Individuals who may be exposed to diphtheria in microbiology laboratories and clinical infectious disease units should be tested and, if necessary, given a booster dose of a diphtheria-containing vaccine. An antibody test should be performed at least three months after immunisation to confirm protective immunity and the individual given a booster dose at ten-year intervals thereafter. The cut-off level is 0.01IU/ml for those in routine diagnostic laboratories. For those handling or regularly exposed to toxigenic strains, a level of 0.1IU/ml should be achieved. Where a history of full diphtheria immunisation is not available, the primary course should be completed and an antibody test should be performed at least three months later to confirm protective immunity. Boosters should be given five years later and subsequently at ten-yearly intervals.

Selected vaccines

Tuberculosis

BCG is recommended for technical staff in microbiology and pathology departments, attendants in autopsy rooms and any others considered to be at high risk.

Hepatitis B

Hepatitis B vaccination is recommended for laboratory staff who may have direct contact with patients' blood or blood-stained body fluids or with patients' tissues. Antibody levels for hepatitis B should be checked one to four months after the completion of a primary course of vaccine. Such information allows appropriate decisions to be made concerning post-exposure prophylaxis following known or suspected exposure to the virus.

Staff handling specific organisms

For some infections, the probability that clinical specimens and environmental samples of UK origin contain the implicated organism and therefore present any risk to staff is extremely low. For these infections, routine immunisation of laboratory workers is not indicated. Staff handling or conducting research on specific organisms and those working in higher risk settings, such as reference laboratories or infectious disease hospitals, may have a level of exposure sufficient to justify vaccination. The following vaccines are recommended for those that work with the relevant organism and should be considered for those working with related organisms and those in reference laboratories or specialist centres:

  • hepatitis A
  • Japanese encephalitis
  • cholera
  • meningococcal ACW135Y
  • smallpox
  • tick-borne encephalitis
  • typhoid
  • yellow fever
  • influenza
  • varicella

Anthrax vaccine is also recommended for those who work with the organism, or those who handle specimens from potentially infected animals.

Rabies vaccination is recommended for those who work with the virus, or handle specimens from imported primates or other animals that may be infected.

Post-exposure management

Specific additional measures may sometimes be required following an incident where exposure to an infected individual, pathogen or contaminated instrument occurs. Advice should be sought from an occupational health department or from the local microbiologist or other appropriate consultant. Some advice on post-exposure management is contained in the relevant chapters or may be found in relevant guidelines (below).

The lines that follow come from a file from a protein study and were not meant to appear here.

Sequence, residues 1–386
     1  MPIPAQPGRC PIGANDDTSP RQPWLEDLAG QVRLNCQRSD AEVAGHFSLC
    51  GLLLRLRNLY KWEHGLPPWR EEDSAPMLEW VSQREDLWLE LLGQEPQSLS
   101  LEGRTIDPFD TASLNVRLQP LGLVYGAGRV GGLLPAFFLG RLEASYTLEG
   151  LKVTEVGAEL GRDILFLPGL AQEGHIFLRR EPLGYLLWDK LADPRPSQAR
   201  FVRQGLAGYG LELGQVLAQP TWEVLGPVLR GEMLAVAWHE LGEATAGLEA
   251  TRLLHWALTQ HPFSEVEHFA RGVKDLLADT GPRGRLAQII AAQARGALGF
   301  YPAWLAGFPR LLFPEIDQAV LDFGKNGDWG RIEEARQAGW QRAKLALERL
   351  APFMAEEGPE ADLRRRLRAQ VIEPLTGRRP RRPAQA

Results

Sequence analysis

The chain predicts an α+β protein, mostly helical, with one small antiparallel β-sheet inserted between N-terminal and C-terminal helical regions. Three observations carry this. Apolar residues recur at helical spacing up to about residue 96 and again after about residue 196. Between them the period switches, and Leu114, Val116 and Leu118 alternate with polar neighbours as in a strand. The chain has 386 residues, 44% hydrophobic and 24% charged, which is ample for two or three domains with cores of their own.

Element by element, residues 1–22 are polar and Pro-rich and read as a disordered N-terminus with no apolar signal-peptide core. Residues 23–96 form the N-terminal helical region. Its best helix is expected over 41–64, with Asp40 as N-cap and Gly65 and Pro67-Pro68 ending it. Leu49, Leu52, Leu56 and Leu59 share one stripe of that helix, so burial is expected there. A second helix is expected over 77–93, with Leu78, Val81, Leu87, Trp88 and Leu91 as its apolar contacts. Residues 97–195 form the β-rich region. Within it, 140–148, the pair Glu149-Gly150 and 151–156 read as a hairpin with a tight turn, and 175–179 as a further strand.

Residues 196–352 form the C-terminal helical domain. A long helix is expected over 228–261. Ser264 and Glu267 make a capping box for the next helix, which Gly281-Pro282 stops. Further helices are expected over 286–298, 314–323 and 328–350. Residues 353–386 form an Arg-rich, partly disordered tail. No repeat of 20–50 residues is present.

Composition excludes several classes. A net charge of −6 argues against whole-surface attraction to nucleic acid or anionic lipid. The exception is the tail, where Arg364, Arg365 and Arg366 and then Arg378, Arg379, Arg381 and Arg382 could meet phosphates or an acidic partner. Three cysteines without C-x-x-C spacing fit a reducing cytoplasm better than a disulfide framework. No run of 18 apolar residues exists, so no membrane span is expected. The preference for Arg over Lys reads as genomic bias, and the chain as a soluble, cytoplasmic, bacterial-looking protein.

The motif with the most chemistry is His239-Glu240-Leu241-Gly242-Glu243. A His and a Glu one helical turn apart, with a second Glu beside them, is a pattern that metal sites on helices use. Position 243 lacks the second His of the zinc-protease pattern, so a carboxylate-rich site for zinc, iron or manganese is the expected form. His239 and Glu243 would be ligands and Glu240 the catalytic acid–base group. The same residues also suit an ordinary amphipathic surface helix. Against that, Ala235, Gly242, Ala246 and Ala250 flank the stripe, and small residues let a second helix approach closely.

Reference

Association of National Health Occupational Physicians (2004). Immunisation of healthcare workers ANHOPS Guidelines, September 2004,
www.anhops.org.uk.

Further reading

Advisory Committee on Dangerous Pathogens (2005) Biological agents: managing the risks in laboratories and healthcare premises. Sunbury: HSE Books
(Available at www.hse.gov.uk/biosafety/biologagents.pdf)

Department of Health and Social Security, Welsh Office (1984) Vaccination and immunisation policy for NHS staff. London: HMSO.

Department of Health (1993) Protecting healthcare workers and patients from hepatitis B: HSG(93)40. London: Department of Health.

Department of Health (1996) Addendum to HSG(93)40: Protecting healthcare workers and patients from hepatitis B. London: Department of Health.

Department of Health (1997) Guidelines on post-exposure prophylaxis for healthcare workers occupationally exposed to HIV. London: Department of Health.

Health and Safety Commission/Advisory Committee on Dangerous Pathogens (1997) Infection risks to new and expectant mothers in the workplace: A guide for employers. Sunbury: HSE Books.

Health and Safety Commission's Health Service Advisory Committee (1993) The management of occupational health services for healthcare staff. Sunbury: HSE Books.

Health and Safety Executive: Control of Substances Hazardous to Health (fifth edition). The Control of Substances Hazardous to Health Regulations 2002 (as amended). Approved Code of Practice and Guidance. L5. Sunbury: HSE Books
(Available from HSE Books at: www.hsebooks.com/Books/default.asp).

Health and Safety Executive (1998) The reporting of injuries, diseases and dangerous occurrences regulations 1995: Guidance for employers in the healthcare sector. Health Services Information Sheet 1. Sunbury: HSE Books.

Joint Tuberculosis Committee of the British Thoracic Society (1994) Control and prevention of tuberculosis in the United Kingdom: Code of Practice. Thorax 49:1193-200.

NHS Executive HSC 2000/020 Hepatitis B infected healthcare workers. London: Department of Health.

NHS Executive HSC 2000/020 Guidance on implementation of HSC 2000/020. London: Department of Health.

NHS Executive HSC 2000/020 Further background information for occupational health departments. London: Department of Health.

UK Health Departments (1998) Guidance for clinical healthcare workers: protection against infection with blood-borne viruses. Recommendations of the Expert Advisory Group on AIDS and the Advisory Group on Hepatitis. London: Department of Health.